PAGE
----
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A day after her top rival in the mayoral race announced his opposition to Mayor Vince Gray‘s plan to overhaul public-school boundaries and assignment policies, Democratic nominee Muriel Bowser says in a statement that she, too, can’t support the plan.
Last week, Gray unveiled a series of changes that will comprehensively reform D.C.’s system for assigning students to public schools for the first time in more than four decades. The current system is complex and has led to overcrowding at some schools and underenrollment at others. But the changes he’s adopted have angered some parents who will lose access to highly regarded schools, including those in the Crestwood neighborhood of Ward 4, which Bowser represents on the D.C. Council.
Bowser’s statement of opposition is brief:
The Mayor’s plan on school boundary changes is not ready. His plan serves to exacerbate educational inequality and does little to move school reform forward faster. It lacks the necessary budgetary and leadership commitments to bring about a truly fair neighborhood school assignment policy. I cannot accept these recommendations.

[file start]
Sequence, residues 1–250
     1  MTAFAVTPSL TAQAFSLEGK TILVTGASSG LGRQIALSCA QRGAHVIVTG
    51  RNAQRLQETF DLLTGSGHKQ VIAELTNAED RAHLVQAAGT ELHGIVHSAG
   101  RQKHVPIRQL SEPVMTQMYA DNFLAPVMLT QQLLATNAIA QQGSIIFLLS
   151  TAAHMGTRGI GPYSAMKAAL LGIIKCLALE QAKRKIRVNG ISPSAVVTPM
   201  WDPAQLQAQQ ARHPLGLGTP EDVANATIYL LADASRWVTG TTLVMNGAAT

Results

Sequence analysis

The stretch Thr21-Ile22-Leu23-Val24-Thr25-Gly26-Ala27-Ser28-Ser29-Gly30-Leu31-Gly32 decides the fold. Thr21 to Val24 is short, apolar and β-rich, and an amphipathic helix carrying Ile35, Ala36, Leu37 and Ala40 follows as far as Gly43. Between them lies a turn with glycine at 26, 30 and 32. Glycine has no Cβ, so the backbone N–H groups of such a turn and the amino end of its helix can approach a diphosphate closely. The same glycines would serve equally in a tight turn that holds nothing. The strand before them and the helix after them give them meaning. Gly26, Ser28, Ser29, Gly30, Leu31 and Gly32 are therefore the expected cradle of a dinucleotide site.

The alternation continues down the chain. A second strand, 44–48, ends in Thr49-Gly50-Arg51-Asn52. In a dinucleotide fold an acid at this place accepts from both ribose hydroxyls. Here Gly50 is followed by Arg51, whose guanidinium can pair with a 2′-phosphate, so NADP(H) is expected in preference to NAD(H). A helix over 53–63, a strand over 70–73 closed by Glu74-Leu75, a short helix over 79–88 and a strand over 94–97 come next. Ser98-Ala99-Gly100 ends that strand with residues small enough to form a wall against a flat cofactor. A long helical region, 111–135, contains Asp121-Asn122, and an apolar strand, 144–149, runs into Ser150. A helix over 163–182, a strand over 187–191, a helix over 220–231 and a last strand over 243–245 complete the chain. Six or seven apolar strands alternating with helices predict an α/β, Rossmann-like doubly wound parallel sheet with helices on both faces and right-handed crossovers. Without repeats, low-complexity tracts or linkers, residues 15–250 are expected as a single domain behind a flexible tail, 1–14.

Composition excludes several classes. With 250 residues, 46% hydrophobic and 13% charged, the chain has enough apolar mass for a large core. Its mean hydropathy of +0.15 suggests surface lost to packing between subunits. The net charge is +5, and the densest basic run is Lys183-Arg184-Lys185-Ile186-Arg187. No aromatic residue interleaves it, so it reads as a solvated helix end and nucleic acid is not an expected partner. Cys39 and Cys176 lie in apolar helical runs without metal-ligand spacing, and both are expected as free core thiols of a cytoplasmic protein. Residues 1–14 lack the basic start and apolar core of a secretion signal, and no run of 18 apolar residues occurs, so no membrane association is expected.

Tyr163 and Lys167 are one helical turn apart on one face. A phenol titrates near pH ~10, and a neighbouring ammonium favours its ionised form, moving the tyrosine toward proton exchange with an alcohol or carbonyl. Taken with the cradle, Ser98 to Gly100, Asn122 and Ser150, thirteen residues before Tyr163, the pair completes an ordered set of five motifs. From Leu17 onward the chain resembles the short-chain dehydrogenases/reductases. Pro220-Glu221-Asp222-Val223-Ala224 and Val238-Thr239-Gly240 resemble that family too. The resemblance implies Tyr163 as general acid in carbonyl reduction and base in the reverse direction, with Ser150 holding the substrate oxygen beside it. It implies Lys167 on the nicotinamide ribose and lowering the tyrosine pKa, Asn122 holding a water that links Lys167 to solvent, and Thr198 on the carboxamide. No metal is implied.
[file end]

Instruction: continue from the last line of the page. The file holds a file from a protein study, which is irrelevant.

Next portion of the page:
Only the next Mayor can address the plan’s unanswered questions, inherent inequalities across neighborhoods, and with the new Council, address significant budgetary implications. If elected Mayor, I pledge that my first budget will reflect our commitment to make every school high performing. Then, and only then, will we advance meaningful school reform.
Some of Bowser’s criticisms—-the failure to address inequality among schools and the rushed process—-are similar to Catania’s. What’s not immediately clear is whether she plans to oppose the plan through Council action or as mayor, if she wins in November and takes office in January. In either case, the mechanism for doing so is not so simple, given that the plan isn’t subject to Council approval and that its implementation will effectively begin when the school lottery opens in December, before the new mayor is sworn in.
A Bowser spokesman didn’t immediately have an answer as to how Bowser would try to delay or undo the mayor’s proposal.
Photo by Darrow Montgomery